The Secret Ingredient Missing From Your Sales And Marketing
What is it about the word secret that makes us all lean in closer? Jeff Walker used it in his latest NY Times Bestseller Launch — An Internet Millionaire’s SECRET FORMULA. Bush’s uses it in their advertising for their Baked Beans’ Secret Ingredient. McDonald has their “secret sauce.” .. Everyone, it seems, has one.
And you have one, too. What if I were to tell you that you have a secret ingredient you might be overlooking? A secret ingredient that will not only get you all pumped up, but will get potential customers pumped up as well, resulting in more sales and ultimately more profit. Wouldn’t you want to know what the secret to the secret is?
Of course you would, because humans, by nature, are curious. Most marketing and sales teams are taught to spell it out…spill the beans, if you will. As your business coach, today, I want to talk to you about building anticipation for your product or service and making them (your customer) excited about it, even if they don’t have to wait to get it.
Anticipation doesn’t just build up their excitement about getting your product or service; it also confirms that their decision to acquire it was a wise one. Still, anticipation without conversion is like a Lamborghini without wheels. It doesn’t go anywhere. Conversion, in sales and marketing depends on “The mental and emotional factors governing a situation or activity” – in other words, psychology.
What’s the catch phrase? “Line up your head with your heart and your feet will follow” You are lining up your customers head (logic: Do I really need this?) with the heart (emotional: But I really want it) to the simplicity to get it (Feet/Action), which are those easy-to-follow steps you’ve provided that lead them right to your business. Often, too much information is packed into efforts to “sell” a product or service, until making a simple decision to “act on their want” turns to doubt.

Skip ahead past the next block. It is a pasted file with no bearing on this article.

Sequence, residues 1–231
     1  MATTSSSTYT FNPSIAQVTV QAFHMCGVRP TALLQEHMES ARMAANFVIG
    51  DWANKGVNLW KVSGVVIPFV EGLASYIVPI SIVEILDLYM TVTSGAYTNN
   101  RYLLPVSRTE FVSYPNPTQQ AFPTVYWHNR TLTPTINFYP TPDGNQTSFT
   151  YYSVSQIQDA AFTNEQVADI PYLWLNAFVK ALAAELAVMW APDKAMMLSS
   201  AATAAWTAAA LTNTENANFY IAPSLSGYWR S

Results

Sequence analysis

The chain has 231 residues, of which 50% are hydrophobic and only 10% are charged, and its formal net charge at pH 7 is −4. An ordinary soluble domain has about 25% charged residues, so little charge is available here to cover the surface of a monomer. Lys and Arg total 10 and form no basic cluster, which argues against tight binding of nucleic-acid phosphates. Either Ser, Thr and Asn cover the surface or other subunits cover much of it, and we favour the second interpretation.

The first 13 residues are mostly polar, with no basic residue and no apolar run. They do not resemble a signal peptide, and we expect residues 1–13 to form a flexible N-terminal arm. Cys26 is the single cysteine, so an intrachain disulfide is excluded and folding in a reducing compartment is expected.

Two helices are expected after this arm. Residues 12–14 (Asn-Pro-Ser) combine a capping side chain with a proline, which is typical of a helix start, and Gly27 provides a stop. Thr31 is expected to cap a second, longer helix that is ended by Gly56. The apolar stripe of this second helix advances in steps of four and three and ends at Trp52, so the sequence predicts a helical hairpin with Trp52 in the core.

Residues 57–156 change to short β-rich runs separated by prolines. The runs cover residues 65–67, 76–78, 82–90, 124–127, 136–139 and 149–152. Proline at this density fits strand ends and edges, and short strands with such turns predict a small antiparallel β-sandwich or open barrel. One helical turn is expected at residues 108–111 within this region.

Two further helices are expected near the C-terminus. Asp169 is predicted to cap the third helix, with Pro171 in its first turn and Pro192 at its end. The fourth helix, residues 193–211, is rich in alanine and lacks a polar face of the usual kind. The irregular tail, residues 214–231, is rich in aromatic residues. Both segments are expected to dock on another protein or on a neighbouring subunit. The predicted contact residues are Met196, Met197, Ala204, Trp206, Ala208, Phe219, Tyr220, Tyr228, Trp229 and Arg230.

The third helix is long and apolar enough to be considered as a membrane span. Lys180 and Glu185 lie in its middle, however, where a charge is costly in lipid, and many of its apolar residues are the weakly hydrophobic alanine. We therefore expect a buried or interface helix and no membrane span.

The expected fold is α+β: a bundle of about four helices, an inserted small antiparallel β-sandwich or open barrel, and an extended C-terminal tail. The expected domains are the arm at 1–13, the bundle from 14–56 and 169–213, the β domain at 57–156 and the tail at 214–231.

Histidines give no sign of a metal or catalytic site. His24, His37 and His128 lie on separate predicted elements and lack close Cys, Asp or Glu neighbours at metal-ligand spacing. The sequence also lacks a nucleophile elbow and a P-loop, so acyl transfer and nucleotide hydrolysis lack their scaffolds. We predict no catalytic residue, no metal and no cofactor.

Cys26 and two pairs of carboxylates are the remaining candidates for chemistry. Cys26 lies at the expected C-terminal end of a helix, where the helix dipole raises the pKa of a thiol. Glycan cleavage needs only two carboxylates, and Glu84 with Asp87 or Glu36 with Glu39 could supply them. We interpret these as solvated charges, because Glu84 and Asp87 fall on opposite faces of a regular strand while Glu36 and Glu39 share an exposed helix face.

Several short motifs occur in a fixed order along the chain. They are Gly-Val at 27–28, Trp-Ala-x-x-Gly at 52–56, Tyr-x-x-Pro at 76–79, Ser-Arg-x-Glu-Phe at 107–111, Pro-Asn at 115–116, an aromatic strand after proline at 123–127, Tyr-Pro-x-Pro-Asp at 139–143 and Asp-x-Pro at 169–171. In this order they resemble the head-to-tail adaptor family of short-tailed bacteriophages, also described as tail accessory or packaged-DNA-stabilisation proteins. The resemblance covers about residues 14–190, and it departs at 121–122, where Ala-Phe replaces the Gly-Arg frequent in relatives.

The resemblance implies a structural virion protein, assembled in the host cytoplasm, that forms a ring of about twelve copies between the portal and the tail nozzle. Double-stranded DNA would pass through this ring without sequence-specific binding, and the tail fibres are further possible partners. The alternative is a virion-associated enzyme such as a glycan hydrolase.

By now, you probably have realized that your secret ingredient is “anticipation”.
So, how do you build it? First, understand that behavioral science experiments have proven that people anticipate positive experiences over negative ones. Happy anticipation triggers a need for more dopamine, a chemical neurotransmitter in the brain that blocks pain, and stimulates that excited feeling we anticipate getting something that we really want.
The Keys to Building Excitement and Anticipation: Create copy that makes people nod (positive response) when they read it, starting with a captivating headline. This builds trust (You know how I feel. You know just what I need). Examples: How to (overcome stress, increase your ROI, instantly see results, etc.), and What Every (Marketing Manager, Business Owner, Sales Exec, etc.) needs to know about ________(fill I the blank with something of value to them).
Study and know the colors, fonts, clever graphics, and positive pictures in your advertising, landing pages, sites, etc., that reflect the happiness you are anticipating your customers will feel seeing them.
Make your call to action directives positive (YES! I Want it!, Get it, NOW!.. .etc.) After all, who doesn’t want to push a “happy button”? (Think: what the “Easy Button” did for Staples.)